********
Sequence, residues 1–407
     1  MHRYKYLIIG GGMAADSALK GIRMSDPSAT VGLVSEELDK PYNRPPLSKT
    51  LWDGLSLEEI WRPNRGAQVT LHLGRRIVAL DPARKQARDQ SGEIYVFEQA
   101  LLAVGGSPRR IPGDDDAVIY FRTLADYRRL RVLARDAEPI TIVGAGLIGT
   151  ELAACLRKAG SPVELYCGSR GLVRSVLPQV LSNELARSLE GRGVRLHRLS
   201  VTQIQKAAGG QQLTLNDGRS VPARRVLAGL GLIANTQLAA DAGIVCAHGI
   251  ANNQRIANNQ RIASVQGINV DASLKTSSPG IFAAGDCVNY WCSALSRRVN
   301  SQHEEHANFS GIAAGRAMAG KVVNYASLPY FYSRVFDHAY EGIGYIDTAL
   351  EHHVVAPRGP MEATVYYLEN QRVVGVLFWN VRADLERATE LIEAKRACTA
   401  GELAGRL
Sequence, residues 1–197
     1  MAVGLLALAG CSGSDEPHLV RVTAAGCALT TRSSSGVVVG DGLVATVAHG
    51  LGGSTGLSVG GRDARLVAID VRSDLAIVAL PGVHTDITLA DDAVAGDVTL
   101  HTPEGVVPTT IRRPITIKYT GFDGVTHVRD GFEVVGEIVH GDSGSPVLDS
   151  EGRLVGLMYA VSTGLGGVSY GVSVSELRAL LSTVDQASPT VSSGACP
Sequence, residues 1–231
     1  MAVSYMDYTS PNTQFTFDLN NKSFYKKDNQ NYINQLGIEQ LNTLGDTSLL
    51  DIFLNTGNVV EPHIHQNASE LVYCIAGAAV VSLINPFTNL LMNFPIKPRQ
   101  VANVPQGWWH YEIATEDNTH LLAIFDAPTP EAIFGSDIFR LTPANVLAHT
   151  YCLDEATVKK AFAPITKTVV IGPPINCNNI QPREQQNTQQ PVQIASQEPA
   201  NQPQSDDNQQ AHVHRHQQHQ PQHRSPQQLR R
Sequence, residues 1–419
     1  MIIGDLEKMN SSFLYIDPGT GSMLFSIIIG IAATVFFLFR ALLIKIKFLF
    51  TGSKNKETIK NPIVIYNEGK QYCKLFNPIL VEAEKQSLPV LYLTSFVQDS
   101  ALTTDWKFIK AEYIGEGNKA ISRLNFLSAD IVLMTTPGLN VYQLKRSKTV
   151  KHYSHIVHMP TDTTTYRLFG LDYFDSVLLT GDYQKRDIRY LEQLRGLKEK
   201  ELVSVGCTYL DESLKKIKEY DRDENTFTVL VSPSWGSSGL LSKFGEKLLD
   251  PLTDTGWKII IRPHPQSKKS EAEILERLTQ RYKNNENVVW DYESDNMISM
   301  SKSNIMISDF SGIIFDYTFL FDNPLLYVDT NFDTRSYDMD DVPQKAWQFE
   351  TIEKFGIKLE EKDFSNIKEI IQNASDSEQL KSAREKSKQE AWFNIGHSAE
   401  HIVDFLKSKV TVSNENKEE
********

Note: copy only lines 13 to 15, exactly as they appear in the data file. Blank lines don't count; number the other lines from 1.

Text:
    51  LGGSTGLSVG GRDARLVAID VRSDLAIVAL PGVHTDITLA DDAVAGDVTL
   101  HTPEGVVPTT IRRPITIKYT GFDGVTHVRD GFEVVGEIVH GDSGSPVLDS
   151  EGRLVGLMYA VSTGLGGVSY GVSVSELRAL LSTVDQASPT VSSGACP